What happens with wetlands I have already drained?
Wetlands already drained will not be covered by the provisions of the easement unless the ditch is filled in and the wetlands are restored.


Landowner Use and Other Rights - Back to section top

Will the easement affect my farming of the wetlands?
The easement does not affect normal farming practices such as cropping, haying, grazing, plowing, or working wetlands when they are dry due to natural causes.

Will the easement affect hunting and trapping rights on my land?
No. You still have the right to open or close your lands to hunting and trapping as you have in the past.

Will the easement affect my mineral rights?
No. You retain your right to develop your minerals. But please remember that the easement prohibits burning, draining, filling, and leveling of the wetland areas.


The Easement Process - Back to section top

How do I apply for the program and begin the process?
Simply call the contact person or office on the back of this brochure. That contact person, a Service realty specialist or field biologist, will further explain the program and answer any questions. A site inspection of your property will be scheduled if you determine that you would like to participate in the easement program.

How long does the easement last?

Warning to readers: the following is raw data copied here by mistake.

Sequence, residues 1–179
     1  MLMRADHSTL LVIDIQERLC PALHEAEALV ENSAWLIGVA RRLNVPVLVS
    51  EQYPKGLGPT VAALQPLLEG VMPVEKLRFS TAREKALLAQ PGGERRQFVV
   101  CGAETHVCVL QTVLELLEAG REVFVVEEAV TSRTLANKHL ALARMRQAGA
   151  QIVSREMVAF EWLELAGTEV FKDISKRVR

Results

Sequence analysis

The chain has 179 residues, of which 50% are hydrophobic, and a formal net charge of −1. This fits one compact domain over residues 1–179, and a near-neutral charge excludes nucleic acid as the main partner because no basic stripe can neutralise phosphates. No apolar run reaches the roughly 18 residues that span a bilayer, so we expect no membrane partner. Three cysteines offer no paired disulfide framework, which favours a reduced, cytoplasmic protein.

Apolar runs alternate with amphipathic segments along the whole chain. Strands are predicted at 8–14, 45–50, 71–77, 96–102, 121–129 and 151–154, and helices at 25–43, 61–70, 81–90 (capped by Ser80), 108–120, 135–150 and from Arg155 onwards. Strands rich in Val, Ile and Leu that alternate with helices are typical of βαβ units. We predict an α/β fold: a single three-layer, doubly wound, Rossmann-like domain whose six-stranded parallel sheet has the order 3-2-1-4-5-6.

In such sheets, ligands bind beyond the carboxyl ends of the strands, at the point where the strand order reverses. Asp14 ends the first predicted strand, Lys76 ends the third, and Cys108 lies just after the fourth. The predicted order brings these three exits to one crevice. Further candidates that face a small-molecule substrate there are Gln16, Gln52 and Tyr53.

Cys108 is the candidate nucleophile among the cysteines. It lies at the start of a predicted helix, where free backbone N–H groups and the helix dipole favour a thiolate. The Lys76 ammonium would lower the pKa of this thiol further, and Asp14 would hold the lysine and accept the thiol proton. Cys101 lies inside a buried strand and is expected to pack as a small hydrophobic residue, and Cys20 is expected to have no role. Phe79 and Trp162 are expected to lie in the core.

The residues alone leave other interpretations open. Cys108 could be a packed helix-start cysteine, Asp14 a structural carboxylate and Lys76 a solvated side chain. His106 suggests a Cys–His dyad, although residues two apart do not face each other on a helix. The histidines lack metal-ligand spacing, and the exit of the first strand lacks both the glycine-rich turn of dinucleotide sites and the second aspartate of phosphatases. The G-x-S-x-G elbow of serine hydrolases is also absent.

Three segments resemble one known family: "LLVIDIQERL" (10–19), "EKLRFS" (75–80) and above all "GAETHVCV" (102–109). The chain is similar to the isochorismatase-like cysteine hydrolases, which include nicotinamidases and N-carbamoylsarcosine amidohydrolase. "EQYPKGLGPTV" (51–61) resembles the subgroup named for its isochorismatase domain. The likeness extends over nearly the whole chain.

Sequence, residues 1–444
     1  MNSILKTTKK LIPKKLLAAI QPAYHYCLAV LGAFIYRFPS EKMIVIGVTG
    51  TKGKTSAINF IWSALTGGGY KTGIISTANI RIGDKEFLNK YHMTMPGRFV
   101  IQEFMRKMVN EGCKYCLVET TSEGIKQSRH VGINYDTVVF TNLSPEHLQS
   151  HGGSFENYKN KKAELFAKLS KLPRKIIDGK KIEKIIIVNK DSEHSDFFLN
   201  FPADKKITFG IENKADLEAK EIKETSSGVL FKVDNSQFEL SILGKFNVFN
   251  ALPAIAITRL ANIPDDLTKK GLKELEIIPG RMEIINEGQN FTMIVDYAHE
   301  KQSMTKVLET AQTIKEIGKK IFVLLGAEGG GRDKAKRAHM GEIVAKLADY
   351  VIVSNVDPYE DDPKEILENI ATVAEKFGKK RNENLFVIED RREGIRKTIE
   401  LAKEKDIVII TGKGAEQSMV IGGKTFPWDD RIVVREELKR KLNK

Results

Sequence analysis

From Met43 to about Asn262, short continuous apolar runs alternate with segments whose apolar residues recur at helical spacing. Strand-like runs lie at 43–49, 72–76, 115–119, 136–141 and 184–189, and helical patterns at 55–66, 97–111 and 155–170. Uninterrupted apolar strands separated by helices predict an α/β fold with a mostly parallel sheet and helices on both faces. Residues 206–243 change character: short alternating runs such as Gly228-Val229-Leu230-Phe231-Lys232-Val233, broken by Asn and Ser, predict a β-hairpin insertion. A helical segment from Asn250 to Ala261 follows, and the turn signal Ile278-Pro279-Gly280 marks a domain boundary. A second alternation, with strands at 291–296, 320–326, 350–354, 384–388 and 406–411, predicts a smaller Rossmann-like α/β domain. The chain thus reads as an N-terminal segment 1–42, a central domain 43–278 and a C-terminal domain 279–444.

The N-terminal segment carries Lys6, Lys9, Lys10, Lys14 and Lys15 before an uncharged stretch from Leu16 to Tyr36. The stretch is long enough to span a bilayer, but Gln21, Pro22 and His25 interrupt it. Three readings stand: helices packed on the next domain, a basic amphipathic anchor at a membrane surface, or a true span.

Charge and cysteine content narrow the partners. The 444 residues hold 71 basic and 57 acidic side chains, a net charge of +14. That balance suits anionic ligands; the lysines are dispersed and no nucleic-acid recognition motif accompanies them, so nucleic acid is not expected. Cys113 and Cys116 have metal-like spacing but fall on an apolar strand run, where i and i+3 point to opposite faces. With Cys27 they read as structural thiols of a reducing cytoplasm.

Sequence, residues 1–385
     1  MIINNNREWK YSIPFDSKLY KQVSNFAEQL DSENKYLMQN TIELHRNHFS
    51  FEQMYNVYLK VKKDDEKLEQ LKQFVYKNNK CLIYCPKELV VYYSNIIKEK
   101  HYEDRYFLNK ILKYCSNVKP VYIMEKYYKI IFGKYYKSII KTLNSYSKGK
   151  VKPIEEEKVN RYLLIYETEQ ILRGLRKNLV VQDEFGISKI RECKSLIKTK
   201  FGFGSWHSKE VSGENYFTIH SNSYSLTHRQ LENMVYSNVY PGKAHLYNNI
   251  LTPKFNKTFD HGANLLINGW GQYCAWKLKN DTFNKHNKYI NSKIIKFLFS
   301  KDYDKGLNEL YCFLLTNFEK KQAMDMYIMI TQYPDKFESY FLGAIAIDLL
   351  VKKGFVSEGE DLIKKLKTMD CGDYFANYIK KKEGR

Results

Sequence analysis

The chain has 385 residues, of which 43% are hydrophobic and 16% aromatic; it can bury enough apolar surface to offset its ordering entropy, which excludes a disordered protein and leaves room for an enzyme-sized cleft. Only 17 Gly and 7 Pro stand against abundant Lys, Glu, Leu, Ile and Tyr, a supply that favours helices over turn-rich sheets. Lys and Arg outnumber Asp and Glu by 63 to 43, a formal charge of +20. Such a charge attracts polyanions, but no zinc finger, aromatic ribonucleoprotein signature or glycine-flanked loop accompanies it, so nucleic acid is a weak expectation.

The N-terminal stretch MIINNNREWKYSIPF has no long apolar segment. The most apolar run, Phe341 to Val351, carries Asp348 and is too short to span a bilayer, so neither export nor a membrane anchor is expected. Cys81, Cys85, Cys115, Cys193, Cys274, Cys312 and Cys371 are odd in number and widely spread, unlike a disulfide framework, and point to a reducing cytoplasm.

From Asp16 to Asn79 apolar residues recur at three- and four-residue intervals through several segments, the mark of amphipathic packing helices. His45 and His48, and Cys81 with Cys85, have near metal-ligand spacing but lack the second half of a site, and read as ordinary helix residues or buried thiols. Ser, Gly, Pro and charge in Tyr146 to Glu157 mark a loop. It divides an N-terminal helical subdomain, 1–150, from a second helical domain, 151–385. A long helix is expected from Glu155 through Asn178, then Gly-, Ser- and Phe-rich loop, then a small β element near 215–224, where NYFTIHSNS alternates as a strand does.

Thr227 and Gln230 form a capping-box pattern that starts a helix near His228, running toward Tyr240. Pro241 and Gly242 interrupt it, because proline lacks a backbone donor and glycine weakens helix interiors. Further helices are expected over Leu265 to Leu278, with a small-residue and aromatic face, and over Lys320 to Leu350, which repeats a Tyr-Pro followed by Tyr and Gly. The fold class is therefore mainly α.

This is a permanent (perpetual) easement between the Service and all present and future landowners.

What happens before the easement is accepted?
The Service obtains title information from the abstracter at no cost to you. The title is checked to determine that all owners of record have signed the easement. Service attorneys review the case and furnish an opinion of title. If the opinion indicates any title defects, we will assist you in correcting them before the Service accepts the easement. The process usually takes about 6 to 9 months.

What happens after the easement is accepted?
You will receive a letter by certified mail informing you that the easement has been accepted and is being recorded at the county courthouse. We will also send you a copy of the fully executed easement at that time.


The Payment Process - Back to section top

How is the payment determined?
A Service realty specialist will estimate the value of the easement based upon current land sales, assessed values, and other indicators of land value relevant to your property, and in compliance with Service policy. You will be provided a written offer in a document called a Statement of Just Compensation. The statement will describe the property encumbered by the easement and the amount of the payment.

What is the method payment?
A single lump-sum payment, in of the form of a check from the U.S. Treasury for the full amount specified in the easement, will be sent to the landowner.

When will I be paid?
Payment is usually made within 6 to 9 months after the easement has been signed by the landowner(s). The Service pays to record the easement.


If the Proposed Land is Mortgaged - Back to section top

What if I have a mortgage on the property?
In most cases, this will not affect the easement transaction. If it is necessary to have the mortgage holder give consent to the easement, we will ask the mortgage holder to sign an agreement known as a subordination agreement, which subordinates the rights of the mortgage to those of the easement.